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Tension in Muscles

A feeling of increased muscle tension or pain may not be due to your workout but a result of hormonal fluctuation.

Muscle Tensions Menopause

What causes muscle tension?

One of estrogen’s roles is to regulate the stress hormone cortisol so as estrogen declines during menopause cortisol increases. In addition, we have lower progesterone levels which drop significantly in our 30s – progesterone is often called ‘Nature’s Valium. The lower estrogen also means we don’t utilise magnesium as well which is notable because it plays a key role in the contraction and relaxation of muscles. Put the three together – low estrogen, progesterone and magnesium and high cortisol for an extended period of time and it creates a perfect storm for muscle tension and cramping.

What can you do to help ease this symptom?

You need more magnesium and some aids for your estrogen and progesterone levels. 55+ is ideal for you (the numeric names are a guideline only) because it contains EstroG-100™ for hormone balance with added magnesium. You could also try adding a topical progesterone cream or Vitex (chaste tree) to your regime.

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This is the time when menstruation is well and truly over, the ovaries have stopped producing high levels of sex hormones and for many ladies, perimenopause symptoms subside.

Estrogen has protective qualities and the diminished levels mean organs such as your brain, heart and bones become more vulnerable. It’s also a key lubricant so your lips may become drier, your joints less supple and your vagina might be drier. In addition, your thyroid, digestion, insulin, cortisol and weight may alter.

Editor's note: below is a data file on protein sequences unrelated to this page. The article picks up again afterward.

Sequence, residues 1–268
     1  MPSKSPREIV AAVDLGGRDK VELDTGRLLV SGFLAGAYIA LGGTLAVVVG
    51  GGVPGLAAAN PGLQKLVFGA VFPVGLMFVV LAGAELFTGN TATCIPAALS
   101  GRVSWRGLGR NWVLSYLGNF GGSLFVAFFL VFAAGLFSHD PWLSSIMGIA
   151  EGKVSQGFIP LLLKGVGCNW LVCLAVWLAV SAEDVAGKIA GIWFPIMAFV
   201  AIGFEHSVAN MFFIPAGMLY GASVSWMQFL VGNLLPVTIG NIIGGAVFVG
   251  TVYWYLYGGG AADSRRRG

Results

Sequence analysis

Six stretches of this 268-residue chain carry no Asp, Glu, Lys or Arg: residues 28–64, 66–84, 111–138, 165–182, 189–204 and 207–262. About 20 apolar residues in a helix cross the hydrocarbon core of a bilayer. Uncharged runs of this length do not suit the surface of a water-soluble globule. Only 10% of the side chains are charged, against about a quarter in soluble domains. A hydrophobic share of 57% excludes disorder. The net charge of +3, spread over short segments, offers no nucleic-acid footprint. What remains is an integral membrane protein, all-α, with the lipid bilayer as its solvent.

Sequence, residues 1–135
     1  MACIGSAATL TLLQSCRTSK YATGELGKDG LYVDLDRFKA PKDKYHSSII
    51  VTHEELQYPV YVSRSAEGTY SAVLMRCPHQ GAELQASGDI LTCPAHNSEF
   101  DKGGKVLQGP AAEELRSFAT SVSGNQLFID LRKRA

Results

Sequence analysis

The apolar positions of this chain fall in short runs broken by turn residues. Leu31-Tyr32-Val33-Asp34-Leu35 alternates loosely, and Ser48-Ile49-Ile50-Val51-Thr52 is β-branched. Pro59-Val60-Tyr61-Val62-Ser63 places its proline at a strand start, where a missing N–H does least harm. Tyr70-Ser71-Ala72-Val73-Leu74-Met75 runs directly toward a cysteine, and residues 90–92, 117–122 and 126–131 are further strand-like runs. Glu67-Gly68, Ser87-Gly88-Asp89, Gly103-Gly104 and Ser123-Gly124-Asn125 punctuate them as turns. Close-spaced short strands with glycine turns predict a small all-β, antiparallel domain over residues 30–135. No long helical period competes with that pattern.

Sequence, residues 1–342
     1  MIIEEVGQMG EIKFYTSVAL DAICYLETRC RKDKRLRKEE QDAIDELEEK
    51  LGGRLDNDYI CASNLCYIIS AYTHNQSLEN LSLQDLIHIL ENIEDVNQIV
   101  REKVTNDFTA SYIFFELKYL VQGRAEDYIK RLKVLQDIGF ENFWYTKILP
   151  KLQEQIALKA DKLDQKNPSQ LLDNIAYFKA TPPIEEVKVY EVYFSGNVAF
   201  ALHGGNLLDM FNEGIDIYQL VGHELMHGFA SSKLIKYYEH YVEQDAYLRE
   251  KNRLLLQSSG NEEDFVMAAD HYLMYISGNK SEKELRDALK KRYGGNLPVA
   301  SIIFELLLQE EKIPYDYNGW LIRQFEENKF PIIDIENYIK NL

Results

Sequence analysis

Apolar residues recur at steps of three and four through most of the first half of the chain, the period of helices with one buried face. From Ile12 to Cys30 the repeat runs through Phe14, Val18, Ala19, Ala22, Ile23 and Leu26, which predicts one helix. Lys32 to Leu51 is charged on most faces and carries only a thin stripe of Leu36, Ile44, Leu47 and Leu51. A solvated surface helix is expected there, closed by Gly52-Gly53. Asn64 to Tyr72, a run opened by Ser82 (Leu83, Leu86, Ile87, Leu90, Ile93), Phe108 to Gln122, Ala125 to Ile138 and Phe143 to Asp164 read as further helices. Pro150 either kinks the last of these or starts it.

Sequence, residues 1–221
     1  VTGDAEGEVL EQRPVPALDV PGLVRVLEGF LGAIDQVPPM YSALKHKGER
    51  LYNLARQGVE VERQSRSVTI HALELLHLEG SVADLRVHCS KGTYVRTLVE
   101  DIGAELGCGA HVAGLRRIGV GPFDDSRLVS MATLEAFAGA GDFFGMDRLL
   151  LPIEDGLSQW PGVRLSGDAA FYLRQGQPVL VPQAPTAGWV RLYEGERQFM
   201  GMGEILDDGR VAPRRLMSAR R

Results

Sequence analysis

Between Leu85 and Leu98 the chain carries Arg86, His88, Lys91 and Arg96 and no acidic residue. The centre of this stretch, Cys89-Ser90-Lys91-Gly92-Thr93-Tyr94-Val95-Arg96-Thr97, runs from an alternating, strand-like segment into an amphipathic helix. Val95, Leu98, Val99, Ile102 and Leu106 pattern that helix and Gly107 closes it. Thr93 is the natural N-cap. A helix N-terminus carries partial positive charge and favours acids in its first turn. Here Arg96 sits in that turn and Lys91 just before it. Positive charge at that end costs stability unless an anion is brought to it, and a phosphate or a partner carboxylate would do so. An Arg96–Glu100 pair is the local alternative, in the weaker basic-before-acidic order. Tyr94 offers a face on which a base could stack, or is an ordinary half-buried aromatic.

At this juncture, a woman might experience an increase in the signs of reduced estrogen but she should have a decrease of perimenopause symptoms. That said, some women will experience symptoms like hot flushes for years or even the rest of their lives.


Peri = ‘near’

Most females begin to experience the symptoms of perimenopause in their mid-forties. Your progesterone levels decline from your mid-30s but it’s generally from around 40 that the rest of your sex hormones begin to follow suit. 

Perimenopause is a different experience for every woman and some women may barely notice it. The first indicators are usually changes to the monthly cycle. This means that for some ladies, this can be accompanied by things like sore breasts, mood swings, weight gain around the belly, and fatigue as time goes on.

For those with symptoms it can be a challenging time physically, mentally and emotionally.

Importantly, perimenopause lasts – on average – four to 10 years. The transition is usually a gradual process and many women enter perimenopause without realising.